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The NHL: Kings of Due Diligence


This is Kimbolton Castle.  Henry VIII's first wife, Catherine of Aragon, died here after refusing to consent to a divorce - events which continue to have importance worldwide, since if not for Henry's desire for a male heir the Church of England might never have seperated from the Catholic Church.

It was also the family seat of the Dukes of Manchester from 1615 until 1950.

Angus Charles Drogo Montagu, the 12th Duke of Manchester, is an interesting and relatively unimportant figure in NHL history, and a substantially more important figure in the history of the Tampa Bay Lightning.  In June of 1991, Phil Esposito had to present a five-million dollar down payment to the NHL to secure the existence of the Lightning.  He had 2.5-million from a Japanese investor (Tak Kojima) and had expected his partner, David LeFevre, to come to the meeting with the rest of the money.  The only problem was that LeFevre was nowhere to be found.

Meanwhile, Esposito had been meeting with Montagu and a Canadian businessman, Carroll Tessier.  The Duke agreed to become a limited partner and provide funding to the tune of  22.5-million dollars.  To secure his place as an investor, he'd given Esposito a cheque for 3-million dollars.

Esposito was in an unfortunate situation, so he made the best of it; he gave the league Kojima's money and used Montagu's cheque for the rest of the downpayment.  As Esposito later put it in his book, Thunder and Lightning, "Looking back, it's possible that without that cheque we would have been out on our asses right then and there."

There was just one problem.  Montagu's cheque bounced.  I'll let Esposito take it from there:

We had been had.  It turned out that the big house in Orlando wasn't Carroll Tessier's, that he was only renting it.  It also turned out that the woman with the hat wasn't the duke's wife.  The whole thing, we learned, was a big con to get the Barnett Bank to lend the duke thirty-two million dollars in cash - money he was going to take and run away with.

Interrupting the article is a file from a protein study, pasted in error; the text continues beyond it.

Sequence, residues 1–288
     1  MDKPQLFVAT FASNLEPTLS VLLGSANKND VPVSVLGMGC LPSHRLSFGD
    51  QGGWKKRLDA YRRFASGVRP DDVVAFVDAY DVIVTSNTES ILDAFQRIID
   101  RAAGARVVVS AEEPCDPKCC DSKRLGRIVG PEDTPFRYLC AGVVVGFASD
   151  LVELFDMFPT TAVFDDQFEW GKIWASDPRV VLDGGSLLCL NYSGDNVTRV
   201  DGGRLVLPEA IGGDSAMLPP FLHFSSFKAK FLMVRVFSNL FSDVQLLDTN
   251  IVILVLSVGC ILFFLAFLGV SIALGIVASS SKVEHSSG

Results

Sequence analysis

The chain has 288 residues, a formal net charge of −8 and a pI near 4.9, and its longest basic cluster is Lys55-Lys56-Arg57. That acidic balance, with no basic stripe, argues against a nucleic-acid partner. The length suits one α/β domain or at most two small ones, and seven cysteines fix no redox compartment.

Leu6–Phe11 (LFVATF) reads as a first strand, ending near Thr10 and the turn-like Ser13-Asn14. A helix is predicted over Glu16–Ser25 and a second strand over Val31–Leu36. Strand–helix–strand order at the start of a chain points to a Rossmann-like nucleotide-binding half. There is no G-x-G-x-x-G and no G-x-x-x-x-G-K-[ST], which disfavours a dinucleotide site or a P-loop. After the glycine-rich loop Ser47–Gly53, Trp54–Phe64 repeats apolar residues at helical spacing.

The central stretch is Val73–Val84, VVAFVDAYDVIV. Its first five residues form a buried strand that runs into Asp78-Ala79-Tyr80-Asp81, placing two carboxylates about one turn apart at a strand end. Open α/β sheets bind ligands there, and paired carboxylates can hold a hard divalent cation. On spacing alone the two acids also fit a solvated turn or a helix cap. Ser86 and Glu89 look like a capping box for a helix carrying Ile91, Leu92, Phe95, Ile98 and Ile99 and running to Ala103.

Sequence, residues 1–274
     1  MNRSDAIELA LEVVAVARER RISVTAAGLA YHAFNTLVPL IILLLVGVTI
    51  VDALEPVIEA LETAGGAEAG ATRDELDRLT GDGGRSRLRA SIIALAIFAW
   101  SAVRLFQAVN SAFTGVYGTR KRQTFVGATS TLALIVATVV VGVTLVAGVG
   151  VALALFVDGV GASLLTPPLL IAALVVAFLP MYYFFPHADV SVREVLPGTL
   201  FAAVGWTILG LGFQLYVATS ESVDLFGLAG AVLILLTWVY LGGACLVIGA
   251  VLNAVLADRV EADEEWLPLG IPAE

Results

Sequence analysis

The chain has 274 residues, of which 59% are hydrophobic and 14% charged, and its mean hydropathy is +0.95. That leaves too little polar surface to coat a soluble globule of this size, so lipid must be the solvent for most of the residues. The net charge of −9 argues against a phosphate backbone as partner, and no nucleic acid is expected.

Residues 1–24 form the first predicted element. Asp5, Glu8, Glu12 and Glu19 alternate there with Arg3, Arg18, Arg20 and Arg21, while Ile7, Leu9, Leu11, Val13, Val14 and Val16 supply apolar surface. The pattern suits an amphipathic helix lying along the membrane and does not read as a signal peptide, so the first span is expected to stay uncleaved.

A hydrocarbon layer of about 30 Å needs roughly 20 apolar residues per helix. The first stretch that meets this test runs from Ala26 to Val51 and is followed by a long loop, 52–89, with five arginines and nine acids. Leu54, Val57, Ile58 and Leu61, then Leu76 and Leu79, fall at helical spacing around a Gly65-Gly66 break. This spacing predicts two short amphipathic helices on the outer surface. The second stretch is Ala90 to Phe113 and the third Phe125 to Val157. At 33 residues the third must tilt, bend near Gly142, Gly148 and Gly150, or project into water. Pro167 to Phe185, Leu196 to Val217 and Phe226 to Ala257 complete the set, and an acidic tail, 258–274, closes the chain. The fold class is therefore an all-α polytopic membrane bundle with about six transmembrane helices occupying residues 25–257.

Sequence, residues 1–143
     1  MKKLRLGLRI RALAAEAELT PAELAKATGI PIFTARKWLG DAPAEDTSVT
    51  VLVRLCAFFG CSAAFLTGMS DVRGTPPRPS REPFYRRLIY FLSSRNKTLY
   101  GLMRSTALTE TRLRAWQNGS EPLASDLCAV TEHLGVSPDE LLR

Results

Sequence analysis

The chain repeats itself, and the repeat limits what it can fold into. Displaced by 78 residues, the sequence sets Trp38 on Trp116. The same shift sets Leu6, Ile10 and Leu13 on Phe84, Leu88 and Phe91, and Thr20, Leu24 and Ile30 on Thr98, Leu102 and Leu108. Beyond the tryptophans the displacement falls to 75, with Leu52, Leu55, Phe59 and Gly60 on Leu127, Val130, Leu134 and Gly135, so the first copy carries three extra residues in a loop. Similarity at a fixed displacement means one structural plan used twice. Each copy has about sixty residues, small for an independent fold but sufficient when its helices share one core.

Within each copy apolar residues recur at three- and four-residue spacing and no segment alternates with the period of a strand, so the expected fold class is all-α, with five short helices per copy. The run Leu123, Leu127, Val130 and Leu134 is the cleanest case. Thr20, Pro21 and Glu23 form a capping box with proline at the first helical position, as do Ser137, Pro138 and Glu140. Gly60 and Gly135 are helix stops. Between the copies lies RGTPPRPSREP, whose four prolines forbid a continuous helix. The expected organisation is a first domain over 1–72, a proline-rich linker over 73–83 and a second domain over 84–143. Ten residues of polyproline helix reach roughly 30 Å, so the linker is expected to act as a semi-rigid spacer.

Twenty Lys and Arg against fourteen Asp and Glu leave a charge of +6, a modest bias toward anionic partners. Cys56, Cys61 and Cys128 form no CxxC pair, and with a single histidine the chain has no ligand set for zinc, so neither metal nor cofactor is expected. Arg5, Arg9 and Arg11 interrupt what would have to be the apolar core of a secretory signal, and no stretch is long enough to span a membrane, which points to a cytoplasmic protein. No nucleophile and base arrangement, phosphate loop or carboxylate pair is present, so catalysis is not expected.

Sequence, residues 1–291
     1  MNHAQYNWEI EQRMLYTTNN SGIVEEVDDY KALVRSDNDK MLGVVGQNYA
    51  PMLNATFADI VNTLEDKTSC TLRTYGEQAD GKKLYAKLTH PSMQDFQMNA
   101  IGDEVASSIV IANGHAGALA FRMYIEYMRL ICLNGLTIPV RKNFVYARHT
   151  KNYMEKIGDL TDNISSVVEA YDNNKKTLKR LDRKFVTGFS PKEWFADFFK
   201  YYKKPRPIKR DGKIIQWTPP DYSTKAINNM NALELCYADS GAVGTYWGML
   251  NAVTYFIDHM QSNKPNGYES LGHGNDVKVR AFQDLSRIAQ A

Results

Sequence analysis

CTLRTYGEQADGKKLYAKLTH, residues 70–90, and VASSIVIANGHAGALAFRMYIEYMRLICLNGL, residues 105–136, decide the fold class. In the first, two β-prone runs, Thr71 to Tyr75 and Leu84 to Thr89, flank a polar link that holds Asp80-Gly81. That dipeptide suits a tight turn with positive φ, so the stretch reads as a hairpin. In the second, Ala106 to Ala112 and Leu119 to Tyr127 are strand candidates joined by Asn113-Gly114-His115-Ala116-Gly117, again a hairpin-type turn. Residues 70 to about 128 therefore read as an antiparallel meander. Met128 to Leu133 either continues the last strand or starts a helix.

But in the end it didn't matter.  Before we realized that the duke was a lunatic con man, he served us very well, even though he had no idea exactly how he helped us.  When the duke entered the picture, David [LeFevre] and his partners lost their leverage.

As soon as LeFevre found out about the duke's cheque going to the league, boy, did he start singing a different tune.  LeFevre's Japanese investors came back so fast our heads began to spin.  When the duke's cheque bounced, we were forced to admit to ourselves that the duke was a fraud, but we didn't tell David that.  Instead, we told David that if he kept to the original deal we'd give his clients their original position back.  And he agreed, because the Japanese didn't want the duke involved in the first place.

It was not long before the FBI went after Carroll Tessier and the duke.  I was told that Carroll, a Canadian, skipped the country and fled to Indonesia or Pakistan or someplace.  The duke ended up in jail.  I think he was still behind bars when he died suddenly in July 2002.

Or to put things another way, the league's reluctance to allow Jim Balsillie into its ranks is confusing.  The value of a franchise in Hamilton would be incredible, so I don't see why they wouldn't hit him up for more money (given his obvious desire for a team, he'd probably cough it up, too) but it seems to me that a rich, passionate owner isn't a commodity the league should pass on so easily.

Particularly when the reputation of other owners - both current and former - is considered.